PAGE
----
L'Estrange v F Graucob Ltd  2 KB 394 is a leading English contract law case on the incorporation of terms into a contract by signature. There are exceptions to the rule that a person is bound by his or her signature, including fraud, misrepresentation and non est factum.
In insurance claims, a total loss or write-off is a situation where the lost value, repair cost or salvage cost of a damaged property exceeds its insured value.
English contract law is a body of law regulating contracts in England and Wales. With its roots in the lex mercatoria and the activism of the judiciary during the industrial revolution, it shares a heritage with countries across the Commonwealth, and to a lesser extent the United States. It is also experiencing gradual change because of the UK's membership of the European Union and international organisations like Unidroit. Any agreement that is enforceable in court is a contract. Because a contract is a voluntary obligation, in contrast to paying compensation for a tort and restitution to reverse unjust enrichment, English law places a high value on ensuring people have truly consented to the deals that bind them in court.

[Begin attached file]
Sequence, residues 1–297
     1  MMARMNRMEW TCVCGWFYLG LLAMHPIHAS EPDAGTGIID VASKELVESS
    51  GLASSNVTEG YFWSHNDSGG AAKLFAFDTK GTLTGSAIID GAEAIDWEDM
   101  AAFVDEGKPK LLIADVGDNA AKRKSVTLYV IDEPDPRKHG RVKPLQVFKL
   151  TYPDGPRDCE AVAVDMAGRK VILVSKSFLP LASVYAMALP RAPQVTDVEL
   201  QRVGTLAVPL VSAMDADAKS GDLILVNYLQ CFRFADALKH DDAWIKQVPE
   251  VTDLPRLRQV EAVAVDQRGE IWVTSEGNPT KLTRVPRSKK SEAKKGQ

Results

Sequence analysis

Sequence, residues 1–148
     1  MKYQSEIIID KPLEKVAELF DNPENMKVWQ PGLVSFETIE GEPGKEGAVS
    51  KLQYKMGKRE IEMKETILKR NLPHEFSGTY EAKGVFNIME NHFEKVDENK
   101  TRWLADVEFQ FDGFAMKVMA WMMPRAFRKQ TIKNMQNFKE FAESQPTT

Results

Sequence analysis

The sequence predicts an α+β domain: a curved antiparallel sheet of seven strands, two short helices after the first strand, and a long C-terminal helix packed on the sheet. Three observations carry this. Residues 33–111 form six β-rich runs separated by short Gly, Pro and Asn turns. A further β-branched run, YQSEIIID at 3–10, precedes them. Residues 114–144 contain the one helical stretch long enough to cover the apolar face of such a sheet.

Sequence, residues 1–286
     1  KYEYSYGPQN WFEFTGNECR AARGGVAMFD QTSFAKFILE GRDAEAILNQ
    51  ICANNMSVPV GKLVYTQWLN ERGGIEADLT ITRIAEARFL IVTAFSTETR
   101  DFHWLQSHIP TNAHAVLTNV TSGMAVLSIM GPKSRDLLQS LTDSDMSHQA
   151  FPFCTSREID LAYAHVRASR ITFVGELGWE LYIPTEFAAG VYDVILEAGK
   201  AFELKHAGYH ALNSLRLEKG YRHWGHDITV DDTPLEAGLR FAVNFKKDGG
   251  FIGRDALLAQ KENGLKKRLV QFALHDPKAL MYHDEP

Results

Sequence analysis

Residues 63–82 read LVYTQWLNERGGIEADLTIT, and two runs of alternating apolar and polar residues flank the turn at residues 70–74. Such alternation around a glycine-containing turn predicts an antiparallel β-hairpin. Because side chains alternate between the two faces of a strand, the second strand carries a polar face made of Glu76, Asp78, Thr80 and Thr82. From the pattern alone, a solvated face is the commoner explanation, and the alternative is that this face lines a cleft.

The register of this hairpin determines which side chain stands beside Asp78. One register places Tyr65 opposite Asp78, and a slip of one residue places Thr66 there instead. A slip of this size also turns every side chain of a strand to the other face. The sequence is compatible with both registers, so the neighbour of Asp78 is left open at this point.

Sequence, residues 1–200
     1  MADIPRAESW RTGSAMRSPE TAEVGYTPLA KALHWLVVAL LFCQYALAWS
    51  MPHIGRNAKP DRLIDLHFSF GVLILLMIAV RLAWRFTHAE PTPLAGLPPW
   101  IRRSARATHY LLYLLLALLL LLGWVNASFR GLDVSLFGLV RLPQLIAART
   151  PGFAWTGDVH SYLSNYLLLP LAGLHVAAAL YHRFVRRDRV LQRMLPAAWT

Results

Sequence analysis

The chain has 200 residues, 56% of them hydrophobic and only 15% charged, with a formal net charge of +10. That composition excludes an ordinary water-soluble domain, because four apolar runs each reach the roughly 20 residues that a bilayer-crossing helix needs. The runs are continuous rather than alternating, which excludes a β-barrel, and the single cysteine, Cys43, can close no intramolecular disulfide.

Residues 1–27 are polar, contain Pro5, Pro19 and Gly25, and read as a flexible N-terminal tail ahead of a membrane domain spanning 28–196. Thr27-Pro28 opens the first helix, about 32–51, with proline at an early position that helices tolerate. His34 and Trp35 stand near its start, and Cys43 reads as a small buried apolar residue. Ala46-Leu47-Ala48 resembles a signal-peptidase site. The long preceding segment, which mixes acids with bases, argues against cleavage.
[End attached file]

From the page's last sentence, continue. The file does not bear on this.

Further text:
A contract is a legally-binding agreement which recognises and governs the rights and duties of the parties to the agreement. A contract is legally enforceable because it meets the requirements and approval of the law. An agreement typically involves the exchange of goods, services, money, or promises of any of those. In the event of breach of contract, the law awards the injured party access to legal remedies such as damages and cancellation.
Peer-to-peer carsharing is the process whereby existing car owners make their vehicles available for others to rent for short periods of time.
The South African law of lease is an area of the legal system in South Africa which describes the rules applicable to a contract of lease. This is broadly defined as a reciprocal agreement between two parties, the lessor and the lessee, in terms of which one, the lessor, binds himself to give the other, the lessee, the temporary use and enjoyment of a thing, in whole or in part, or of his services or those of another person; the lessee, meanwhile, binds himself to pay a sum of money as compensation, or rent, for that use and enjoyment. The law of lease is often discussed as a counterpart to the law of sale.
Insurance in South Africa describes a mechanism in that country for the reduction or minimisation of loss, owing to the constant exposure of people and assets to risks. The kinds of loss which arise if such risks eventuate may be either patrimonial or non-patrimonial.
Byrd v. United States, 584 U.S. ___ (2018), was a United States Supreme Court case in which the Court held drivers of rental cars have rights protecting them from unconstitutional searches by police, even if they are not listed on the rental agreement.